The Mets just lost another future Hall Famer in deGrom and have massive holes in their rotation, and could really use a plug-and-play star -- and Verlander's contract structure (high salary, short-term deal) fits the Dodgers' preferences. With Bauer, the Mets thought they had the right-hander signed before the Dodgers swooped in at the end to pluck Bauer away; both sides will be well aware of that history as they go through the process.
There is a lot of conversation in front offices about how Max Scherzer and Verlander might not be the greatest of friends, and whether that factor might impact the Mets' pursuit of Verlander, but remember -- in Buck Showalter's days with the Diamondbacks, he managed Curt Schilling and Randy Johnson, Hall of Fame caliber pitchers who weren't close but naturally pushed each other.
Doolittle: Of all the shortstop-related scuttlebutt, the Twins' pursuit of Carlos Correa seems like the most advanced story thread. That suggests Correa could be the first domino to fall in the derby to land him, Trea Turner, Xander Bogaerts or Dansby Swanson. Maybe it won't mean Minnesota ends up holding a big news conference to announce that Correa will return to the Twin Cities -- or maybe it will. But I could definitely see Correa discussions looming over the meetings, not just because he's a star player in his own right, but because his signing could set off a chain reaction through the rest of the market.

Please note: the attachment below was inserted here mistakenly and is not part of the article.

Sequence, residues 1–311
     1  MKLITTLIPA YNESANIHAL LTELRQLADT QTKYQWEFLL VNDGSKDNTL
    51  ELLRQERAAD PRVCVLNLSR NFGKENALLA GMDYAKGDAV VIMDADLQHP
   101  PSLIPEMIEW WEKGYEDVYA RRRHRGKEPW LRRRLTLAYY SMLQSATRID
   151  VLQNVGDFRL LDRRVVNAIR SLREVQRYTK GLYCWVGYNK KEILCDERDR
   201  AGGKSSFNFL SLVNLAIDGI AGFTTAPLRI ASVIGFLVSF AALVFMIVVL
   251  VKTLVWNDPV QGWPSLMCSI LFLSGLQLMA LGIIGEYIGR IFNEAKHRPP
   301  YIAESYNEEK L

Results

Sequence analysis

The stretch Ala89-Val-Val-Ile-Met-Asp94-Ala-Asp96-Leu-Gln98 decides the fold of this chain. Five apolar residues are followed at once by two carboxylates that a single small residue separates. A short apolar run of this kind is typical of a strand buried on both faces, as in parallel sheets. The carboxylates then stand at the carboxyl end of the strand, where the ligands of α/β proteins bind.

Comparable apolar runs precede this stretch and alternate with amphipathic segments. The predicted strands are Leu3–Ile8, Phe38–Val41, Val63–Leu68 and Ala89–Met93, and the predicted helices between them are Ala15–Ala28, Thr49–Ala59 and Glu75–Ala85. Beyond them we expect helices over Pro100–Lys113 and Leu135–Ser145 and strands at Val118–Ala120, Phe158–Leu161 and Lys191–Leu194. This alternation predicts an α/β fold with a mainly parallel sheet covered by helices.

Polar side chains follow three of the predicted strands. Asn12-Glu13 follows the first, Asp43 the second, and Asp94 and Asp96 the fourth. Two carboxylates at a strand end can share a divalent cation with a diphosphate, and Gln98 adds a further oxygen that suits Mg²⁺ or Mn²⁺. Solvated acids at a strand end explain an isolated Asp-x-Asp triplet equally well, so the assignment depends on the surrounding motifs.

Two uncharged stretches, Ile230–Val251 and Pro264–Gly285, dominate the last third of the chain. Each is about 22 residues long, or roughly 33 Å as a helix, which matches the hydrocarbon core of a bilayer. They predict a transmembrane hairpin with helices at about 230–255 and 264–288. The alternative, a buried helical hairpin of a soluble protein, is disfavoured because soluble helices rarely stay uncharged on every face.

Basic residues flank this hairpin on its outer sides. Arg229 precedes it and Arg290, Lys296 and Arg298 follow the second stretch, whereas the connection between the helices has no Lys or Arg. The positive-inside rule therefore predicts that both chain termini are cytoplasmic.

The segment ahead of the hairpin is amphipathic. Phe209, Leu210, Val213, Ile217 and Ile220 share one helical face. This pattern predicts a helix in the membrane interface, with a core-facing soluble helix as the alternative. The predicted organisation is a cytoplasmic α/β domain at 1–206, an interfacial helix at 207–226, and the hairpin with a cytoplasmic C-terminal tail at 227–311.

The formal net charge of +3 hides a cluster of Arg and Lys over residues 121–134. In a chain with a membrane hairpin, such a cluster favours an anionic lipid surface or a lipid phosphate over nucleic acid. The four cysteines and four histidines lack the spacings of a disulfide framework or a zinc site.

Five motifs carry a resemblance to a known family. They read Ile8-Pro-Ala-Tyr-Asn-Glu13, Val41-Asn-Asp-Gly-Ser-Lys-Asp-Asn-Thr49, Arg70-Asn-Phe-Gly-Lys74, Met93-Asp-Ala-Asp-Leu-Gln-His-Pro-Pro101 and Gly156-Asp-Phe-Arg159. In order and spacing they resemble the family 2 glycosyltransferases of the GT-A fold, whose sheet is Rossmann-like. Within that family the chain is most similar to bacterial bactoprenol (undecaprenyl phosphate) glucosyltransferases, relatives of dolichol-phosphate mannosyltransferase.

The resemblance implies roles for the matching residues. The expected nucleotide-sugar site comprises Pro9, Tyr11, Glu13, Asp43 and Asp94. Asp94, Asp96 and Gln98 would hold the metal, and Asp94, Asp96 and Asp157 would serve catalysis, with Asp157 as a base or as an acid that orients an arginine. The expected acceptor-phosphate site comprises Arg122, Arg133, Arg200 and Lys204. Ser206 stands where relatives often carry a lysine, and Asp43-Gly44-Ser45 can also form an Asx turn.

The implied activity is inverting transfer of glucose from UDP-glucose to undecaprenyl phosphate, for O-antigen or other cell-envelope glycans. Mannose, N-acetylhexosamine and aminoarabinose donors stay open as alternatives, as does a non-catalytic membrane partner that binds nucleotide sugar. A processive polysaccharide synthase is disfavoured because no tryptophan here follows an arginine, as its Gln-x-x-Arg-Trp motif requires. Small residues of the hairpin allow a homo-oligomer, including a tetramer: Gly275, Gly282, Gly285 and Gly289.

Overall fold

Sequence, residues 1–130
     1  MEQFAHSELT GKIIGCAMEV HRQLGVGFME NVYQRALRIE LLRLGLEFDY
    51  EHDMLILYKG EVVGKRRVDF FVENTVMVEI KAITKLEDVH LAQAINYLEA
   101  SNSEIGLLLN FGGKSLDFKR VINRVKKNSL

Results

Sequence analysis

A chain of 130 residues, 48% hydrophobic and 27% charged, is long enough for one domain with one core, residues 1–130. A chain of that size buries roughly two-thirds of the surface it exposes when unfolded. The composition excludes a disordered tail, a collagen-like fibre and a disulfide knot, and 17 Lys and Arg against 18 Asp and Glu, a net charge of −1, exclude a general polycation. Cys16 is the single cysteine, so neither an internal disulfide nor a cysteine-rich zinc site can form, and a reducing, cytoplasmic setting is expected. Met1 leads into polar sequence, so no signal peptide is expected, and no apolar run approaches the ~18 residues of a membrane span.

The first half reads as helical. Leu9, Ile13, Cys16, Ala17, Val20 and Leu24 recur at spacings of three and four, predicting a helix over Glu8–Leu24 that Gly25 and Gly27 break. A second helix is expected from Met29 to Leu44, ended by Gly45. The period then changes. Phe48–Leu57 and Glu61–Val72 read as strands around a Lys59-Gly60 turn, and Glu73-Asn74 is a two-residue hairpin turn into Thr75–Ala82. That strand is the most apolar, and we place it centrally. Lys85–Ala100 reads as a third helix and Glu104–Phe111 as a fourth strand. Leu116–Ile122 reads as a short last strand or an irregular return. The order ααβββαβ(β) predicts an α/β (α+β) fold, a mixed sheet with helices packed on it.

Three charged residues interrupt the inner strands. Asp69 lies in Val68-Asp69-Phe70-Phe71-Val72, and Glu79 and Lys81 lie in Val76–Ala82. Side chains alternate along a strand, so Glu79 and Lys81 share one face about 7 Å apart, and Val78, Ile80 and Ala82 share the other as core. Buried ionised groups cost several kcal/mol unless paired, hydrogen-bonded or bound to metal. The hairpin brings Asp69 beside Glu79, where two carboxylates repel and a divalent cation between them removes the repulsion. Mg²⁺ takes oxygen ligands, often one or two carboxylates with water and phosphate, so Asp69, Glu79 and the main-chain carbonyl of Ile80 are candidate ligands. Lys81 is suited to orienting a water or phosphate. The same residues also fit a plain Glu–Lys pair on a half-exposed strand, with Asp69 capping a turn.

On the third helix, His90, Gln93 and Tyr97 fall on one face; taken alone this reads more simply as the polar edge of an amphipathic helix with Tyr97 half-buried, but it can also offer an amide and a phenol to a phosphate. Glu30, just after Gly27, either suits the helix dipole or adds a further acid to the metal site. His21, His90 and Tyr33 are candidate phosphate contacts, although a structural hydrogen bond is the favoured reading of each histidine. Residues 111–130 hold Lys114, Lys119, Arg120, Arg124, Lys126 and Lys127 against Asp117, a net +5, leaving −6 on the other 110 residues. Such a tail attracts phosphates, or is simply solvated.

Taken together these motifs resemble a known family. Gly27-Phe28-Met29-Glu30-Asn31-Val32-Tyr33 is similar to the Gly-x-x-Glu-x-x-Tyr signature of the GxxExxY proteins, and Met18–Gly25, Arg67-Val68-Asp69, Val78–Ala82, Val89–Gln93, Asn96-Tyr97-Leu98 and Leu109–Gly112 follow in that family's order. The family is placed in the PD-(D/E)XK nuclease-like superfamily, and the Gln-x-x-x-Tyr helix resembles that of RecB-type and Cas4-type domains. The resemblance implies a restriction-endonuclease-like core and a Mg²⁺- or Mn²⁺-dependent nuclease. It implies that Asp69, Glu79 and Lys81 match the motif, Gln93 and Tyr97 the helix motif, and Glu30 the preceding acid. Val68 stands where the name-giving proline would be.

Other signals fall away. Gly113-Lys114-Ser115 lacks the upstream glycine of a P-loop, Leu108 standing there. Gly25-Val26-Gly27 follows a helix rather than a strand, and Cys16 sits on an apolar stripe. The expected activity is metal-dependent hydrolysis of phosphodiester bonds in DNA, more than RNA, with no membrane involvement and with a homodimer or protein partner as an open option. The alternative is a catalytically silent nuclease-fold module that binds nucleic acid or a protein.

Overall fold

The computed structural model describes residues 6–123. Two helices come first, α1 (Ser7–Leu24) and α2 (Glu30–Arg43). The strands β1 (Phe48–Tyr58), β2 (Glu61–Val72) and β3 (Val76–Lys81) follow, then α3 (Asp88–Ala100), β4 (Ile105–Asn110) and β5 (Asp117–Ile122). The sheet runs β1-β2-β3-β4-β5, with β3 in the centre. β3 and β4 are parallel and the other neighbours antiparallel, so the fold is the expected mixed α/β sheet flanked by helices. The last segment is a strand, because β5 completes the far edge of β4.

Schoenfield: I'll go with all the rumors surrounding the Mets. With three starters and their top two setup relievers from 2022 all in free agency, they have some big moves to make -- which could possibly include a splash, like signing Verlander to replace deGrom atop their rotation. But they'll need at least one more starting pitcher after that, maybe two, some relievers ... oh, and a center fielder to replace Brandon Nimmo if he signs elsewhere. The Mets say they want to hold on to their prospects, and while Francisco Alvarez is untouchable, they might have to consider some trades as well.
Lee: I'm so curious what's going to happen with the Xander Bogaerts situation in Boston. The Red Sox's front office -- both privately and publicly -- has dramatically changed its tone in its willingness to give him a big contract. While there are certainly business reasons to not sign Bogaerts -- especially given the questions surrounding how long he will remain a shortstop -- the fan base has been growing angrier at the organization regarding the attitude around signing star players, which started with the Mookie Betts trade. If Bogaerts leaves, Boston will need to be aggressive in free agency to upgrade the team because patience in wearing thin among Red Sox Nation.
Rogers: No matter where you turn, the topic will undoubtedly find its way to Judge. Will he or won't he leave New York? It's not exactly the same storyline as Babe Ruth leaving the Red Sox for the Yankees -- but it's damn close.